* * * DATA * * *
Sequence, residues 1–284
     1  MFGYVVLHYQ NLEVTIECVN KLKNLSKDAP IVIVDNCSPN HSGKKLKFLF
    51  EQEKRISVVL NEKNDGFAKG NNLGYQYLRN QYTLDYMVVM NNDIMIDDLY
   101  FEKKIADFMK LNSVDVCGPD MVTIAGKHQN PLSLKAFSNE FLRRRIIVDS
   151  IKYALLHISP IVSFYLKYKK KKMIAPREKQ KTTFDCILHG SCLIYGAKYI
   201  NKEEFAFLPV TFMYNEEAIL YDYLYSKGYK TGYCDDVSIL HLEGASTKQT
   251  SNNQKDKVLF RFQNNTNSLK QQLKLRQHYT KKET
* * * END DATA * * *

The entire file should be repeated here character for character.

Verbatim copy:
Sequence, residues 1–284
     1  MFGYVVLHYQ NLEVTIECVN KLKNLSKDAP IVIVDNCSPN HSGKKLKFLF
    51  EQEKRISVVL NEKNDGFAKG NNLGYQYLRN QYTLDYMVVM NNDIMIDDLY
   101  FEKKIADFMK LNSVDVCGPD MVTIAGKHQN PLSLKAFSNE FLRRRIIVDS
   151  IKYALLHISP IVSFYLKYKK KKMIAPREKQ KTTFDCILHG SCLIYGAKYI
   201  NKEEFAFLPV TFMYNEEAIL YDYLYSKGYK TGYCDDVSIL HLEGASTKQT
   251  SNNQKDKVLF RFQNNTNSLK QQLKLRQHYT KKET